Selecting the Environment Options

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Microsoft Project makes many assumptions regarding projects. You can review these default settings, which control the behavior of the application, in the Options dialog box. The options are divided into two types: global and file-specific options. To display the Options dialog box (see Figure 3.8), choose Tools, Options. The options in this dialog box are conveniently organized into categories on a number of tabs.

Figure 3.8. The View tab is the default tab in the Options dialog box.


Most of the settings in the Options dialog box affect the way you view all projects, and are referred to as global options. Changes you make to global options affect projects that have already been created, the current project you are working on, and any future projects you create. For example, changing the date format (which might include hours and minutes instead of just rounding to the day) affects all projects, including those that you originally created with a different date format. The new format remains in effect for all projects until you change the setting again.

Some of the options in the Options dialog box are specific to the file you are currently working with. These options include the filename in the section title. For example, the dialog box in Figure 3.8 shows three sections that contain file-specific options: Cross Project Linking Options for 'New Product,' Currency Options for 'New Product,' and Outline Options for 'New Product.' Changes made to these settings affect only the current project you are working onin this case New Product.mpp . Any options that are not part of a section or for which the section title does not include the filename in the title (such as the Show section in Figure 3.8) are global options.

The Cross Project Linking Options For section of the View tab controls links between projects. For example, the setting in this section in Figure 3.8 is set for the active file onlythe default is to display all external links. In addition, when you attempt to open a file that contains links to other projects, a dialog box alerts you that the file has external links.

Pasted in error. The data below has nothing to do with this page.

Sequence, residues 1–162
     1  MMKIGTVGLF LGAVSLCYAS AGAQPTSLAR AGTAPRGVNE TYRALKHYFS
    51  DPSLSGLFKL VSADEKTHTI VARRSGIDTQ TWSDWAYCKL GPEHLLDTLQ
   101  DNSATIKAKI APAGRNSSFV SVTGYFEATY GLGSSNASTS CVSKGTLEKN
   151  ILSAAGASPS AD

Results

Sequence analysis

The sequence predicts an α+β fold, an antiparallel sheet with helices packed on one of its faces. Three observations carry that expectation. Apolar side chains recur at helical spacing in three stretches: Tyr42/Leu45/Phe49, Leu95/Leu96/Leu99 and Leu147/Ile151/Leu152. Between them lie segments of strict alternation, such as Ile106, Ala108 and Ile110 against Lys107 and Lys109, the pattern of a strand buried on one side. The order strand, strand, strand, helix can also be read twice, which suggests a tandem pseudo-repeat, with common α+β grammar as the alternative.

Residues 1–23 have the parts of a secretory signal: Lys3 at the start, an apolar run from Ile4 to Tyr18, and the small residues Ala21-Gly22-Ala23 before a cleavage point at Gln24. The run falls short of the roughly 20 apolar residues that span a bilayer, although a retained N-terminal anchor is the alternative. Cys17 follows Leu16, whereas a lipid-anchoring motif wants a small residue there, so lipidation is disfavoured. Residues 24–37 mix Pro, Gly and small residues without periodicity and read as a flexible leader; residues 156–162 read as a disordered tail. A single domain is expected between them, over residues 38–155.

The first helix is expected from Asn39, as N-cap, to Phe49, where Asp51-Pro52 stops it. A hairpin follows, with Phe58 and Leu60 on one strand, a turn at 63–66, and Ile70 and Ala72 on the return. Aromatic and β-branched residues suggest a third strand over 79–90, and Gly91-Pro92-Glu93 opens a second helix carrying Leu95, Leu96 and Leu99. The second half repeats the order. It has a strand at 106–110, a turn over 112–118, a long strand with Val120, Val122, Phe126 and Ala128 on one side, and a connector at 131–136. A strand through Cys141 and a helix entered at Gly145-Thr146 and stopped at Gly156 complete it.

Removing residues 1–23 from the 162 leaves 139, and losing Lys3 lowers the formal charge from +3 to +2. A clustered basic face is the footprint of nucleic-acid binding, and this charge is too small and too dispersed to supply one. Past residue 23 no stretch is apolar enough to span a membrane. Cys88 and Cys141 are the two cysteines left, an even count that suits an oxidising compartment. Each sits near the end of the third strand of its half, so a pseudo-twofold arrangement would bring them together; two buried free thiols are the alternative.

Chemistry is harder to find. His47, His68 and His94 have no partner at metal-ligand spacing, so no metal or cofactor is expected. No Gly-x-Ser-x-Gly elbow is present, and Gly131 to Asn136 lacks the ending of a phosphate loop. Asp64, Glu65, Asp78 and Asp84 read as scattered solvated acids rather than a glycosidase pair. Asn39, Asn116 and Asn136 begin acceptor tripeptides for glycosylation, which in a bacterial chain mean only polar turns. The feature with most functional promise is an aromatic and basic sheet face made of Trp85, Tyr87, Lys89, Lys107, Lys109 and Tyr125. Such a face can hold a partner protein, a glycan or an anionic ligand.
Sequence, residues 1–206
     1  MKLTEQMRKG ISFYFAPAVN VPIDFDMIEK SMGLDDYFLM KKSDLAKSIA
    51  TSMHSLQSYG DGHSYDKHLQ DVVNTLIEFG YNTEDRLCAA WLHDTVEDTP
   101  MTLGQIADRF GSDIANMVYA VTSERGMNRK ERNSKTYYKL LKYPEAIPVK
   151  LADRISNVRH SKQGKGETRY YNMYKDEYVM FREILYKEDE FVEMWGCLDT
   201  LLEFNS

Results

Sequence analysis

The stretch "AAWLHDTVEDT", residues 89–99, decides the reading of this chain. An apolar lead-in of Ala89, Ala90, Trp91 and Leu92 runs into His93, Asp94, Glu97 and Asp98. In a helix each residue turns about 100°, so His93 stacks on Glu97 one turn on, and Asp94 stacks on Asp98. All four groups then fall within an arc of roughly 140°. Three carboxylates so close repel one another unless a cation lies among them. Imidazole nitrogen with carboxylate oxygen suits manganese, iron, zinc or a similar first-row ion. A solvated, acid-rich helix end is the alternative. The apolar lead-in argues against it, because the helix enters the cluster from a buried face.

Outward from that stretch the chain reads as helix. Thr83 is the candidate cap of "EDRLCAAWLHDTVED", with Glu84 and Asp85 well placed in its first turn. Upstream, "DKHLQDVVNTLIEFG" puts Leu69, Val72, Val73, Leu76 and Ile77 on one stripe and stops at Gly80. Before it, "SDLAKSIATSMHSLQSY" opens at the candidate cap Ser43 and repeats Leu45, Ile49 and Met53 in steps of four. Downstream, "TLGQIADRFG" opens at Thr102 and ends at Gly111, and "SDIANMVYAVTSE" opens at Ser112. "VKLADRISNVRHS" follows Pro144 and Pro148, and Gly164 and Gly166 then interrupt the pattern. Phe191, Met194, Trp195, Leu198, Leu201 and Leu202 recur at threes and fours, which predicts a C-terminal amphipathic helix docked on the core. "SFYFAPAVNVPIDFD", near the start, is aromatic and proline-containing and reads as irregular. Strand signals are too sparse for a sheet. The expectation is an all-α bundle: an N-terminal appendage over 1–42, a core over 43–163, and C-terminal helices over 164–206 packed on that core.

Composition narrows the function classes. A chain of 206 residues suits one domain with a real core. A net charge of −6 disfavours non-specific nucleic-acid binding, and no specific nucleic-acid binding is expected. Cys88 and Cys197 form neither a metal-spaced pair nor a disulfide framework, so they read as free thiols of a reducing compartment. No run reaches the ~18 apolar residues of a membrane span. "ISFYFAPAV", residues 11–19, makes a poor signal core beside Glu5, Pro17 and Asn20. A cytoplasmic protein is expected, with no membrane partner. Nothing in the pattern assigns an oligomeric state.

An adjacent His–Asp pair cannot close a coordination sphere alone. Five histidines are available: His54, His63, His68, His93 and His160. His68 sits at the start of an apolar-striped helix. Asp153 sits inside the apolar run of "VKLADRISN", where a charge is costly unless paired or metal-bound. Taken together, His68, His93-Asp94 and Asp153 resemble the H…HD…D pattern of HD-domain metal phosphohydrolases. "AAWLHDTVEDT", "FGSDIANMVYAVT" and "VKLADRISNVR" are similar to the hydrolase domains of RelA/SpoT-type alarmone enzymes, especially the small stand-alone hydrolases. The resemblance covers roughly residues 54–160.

Selecting the Show Outline Number option in the View tab of the Options dialog box displays the task list of the project in a traditional Work Breakdown Structure (WBS) outline format, tying the schedule of the project to a previously defined scope of work. This is useful to ensure that all the necessary work of the project has been captured.

Also, when you select the option to display a project summary task, a roll-up summary task (numbered 0) appears at the top of the Gantt Chart view and spans the entire duration of the project you have created. Many times, Project users create this manually by indenting, or demoting, all subsequent tasks to the first one, simply because they are not aware of this feature.


If the Office Assistant is active, the external link message appears in an Office Assistant pop-up.

In some cases, file-specific options can be changed for the current file and new files if the section containing the file-specific settings has a Set as Default button (see Figure 3.9). If you click the Set as Default button, Project updates the Global template to reflect the option settings. The Global template controls the settings for all new project files. The current document, as well as all new project documents, incorporates these options, but previously created documents do not change.

Figure 3.9. The Edit tab of the Options dialog box has two sections that include Set as Default buttons .


The following sections focus on a few choices in the Options dialog box that are critical in defining any new project and a few options of general interest.


All changes you make in the Options dialog box are saved in the Windows Registry.

Reviewing Critical Options

There are several important settings on the Calendar tab that you should confirm are appropriate for your organization. These options determine how the calendar is used on printed reports , how your fiscal year is designated, and, most importantly, how your use of the terms day, week , and month are interpreted by Microsoft Project 2003. Figure 3.10 shows the settings on the Calendar tab.